The development of left ventricular ischaemic contracture and its correlation with ultrastructural and sarcolemmal permeability defects were studied in isolated rat hearts during global subtotal ischaemia. With acetate as substrate the hearts exhibited a rise in diastolic tension after 8-10 min at which time small foci of contracted myocytes were scattered throughout the myocardium. In hearts with 5% of the maximum diastolic tension (termed 5% contracture), the foci were situated predominantly in the subendocardium and papillary muscle. Contracted myocytes in these foci were capable of excluding ionic lanthanum thus demonstrating retention of normal sarcolemmal permeability properties. With 30% contracture ultrastructural damage had spread to the subepicardium and with further contracture there was an associated increase in the number and size of foci in all regions. In these foci, swelling of the tubular sarcolemmal system and occasionally of the sarcoplasmic reticulum appeared to precede myofibrillar contraction. At 50% contracture lanthanum influx into contracted cells became more frequent. Hearts developed full contracture by 15-18 min at which time most myocytes were contracted and retained lanthanum intracellularly. The heterogeneity of the response at a cellular level may offer a possible explanation for the lack of correlation between contracture and tissue ATP. A possible sequence of structural injury leading to impaired calcium homeostasis is also suggested.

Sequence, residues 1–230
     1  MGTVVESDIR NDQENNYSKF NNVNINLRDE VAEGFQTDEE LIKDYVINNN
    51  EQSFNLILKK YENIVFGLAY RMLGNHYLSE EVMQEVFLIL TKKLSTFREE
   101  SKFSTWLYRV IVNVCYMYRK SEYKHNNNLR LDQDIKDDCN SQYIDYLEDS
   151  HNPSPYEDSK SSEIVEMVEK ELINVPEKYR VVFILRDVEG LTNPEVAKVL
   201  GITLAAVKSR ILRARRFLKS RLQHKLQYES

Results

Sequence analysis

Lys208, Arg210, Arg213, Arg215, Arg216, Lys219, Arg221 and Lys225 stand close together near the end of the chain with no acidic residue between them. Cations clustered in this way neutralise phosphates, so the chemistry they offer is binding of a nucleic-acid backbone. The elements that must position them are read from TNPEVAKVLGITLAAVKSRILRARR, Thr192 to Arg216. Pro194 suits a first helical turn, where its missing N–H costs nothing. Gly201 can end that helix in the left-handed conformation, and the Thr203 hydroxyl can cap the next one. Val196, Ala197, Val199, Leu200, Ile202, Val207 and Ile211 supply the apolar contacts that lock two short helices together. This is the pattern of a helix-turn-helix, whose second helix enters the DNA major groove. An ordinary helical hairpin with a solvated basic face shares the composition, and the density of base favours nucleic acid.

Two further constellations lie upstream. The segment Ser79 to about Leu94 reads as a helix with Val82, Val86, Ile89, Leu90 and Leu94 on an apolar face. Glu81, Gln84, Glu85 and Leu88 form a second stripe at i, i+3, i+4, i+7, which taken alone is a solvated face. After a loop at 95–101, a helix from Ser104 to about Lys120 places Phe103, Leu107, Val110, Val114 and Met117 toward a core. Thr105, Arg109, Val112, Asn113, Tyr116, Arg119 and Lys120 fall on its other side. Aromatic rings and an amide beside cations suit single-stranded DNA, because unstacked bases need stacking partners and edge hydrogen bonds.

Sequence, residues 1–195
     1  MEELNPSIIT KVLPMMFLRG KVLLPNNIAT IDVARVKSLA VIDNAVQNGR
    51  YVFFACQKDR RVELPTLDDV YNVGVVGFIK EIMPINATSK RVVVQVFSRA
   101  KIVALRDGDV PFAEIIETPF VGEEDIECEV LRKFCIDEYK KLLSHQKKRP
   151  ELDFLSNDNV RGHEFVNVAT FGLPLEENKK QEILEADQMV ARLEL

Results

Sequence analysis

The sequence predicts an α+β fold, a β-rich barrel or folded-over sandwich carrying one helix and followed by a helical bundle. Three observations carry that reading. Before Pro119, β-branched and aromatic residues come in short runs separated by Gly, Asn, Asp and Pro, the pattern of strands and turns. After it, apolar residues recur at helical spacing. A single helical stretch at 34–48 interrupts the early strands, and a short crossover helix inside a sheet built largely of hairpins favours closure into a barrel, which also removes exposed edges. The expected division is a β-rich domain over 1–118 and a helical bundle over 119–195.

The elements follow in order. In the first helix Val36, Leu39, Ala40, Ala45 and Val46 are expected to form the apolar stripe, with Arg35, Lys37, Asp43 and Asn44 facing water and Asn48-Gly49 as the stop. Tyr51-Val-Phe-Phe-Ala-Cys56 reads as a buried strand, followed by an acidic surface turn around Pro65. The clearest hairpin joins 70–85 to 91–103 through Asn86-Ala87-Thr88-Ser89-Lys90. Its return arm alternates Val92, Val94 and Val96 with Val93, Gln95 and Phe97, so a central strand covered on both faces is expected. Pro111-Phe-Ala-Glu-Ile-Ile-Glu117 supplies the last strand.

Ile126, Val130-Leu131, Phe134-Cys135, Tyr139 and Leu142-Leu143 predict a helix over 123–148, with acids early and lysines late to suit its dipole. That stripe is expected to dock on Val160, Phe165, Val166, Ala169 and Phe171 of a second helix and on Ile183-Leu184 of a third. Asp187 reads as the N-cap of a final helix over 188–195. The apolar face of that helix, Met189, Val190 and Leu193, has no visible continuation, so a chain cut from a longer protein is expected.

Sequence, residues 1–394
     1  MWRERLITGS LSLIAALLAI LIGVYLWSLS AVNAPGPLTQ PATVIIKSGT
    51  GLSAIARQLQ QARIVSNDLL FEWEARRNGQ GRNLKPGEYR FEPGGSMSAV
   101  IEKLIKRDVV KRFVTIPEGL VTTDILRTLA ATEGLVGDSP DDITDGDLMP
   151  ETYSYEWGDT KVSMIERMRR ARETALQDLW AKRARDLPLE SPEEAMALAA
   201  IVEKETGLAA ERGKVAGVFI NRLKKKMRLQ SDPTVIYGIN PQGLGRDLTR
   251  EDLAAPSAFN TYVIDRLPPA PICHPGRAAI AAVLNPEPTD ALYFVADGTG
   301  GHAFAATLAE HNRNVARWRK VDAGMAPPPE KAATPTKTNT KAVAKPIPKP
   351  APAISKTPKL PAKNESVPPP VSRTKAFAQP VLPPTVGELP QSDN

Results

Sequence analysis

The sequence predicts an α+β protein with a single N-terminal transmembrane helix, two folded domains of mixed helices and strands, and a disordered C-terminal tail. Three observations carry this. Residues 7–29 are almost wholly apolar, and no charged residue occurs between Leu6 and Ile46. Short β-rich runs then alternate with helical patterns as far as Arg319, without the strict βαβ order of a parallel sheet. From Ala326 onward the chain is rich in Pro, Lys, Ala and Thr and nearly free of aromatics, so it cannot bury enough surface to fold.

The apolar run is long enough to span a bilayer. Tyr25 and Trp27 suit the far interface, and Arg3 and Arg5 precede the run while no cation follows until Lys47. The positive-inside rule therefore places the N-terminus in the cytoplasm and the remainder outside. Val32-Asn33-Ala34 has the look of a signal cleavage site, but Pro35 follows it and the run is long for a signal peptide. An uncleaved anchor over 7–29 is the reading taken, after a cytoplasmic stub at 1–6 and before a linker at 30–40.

|Number of pages||12|
|Journal||Journal of Experimental Pathology|
|Publication status||Published - 1 Jan 1990|
- cell membrane damage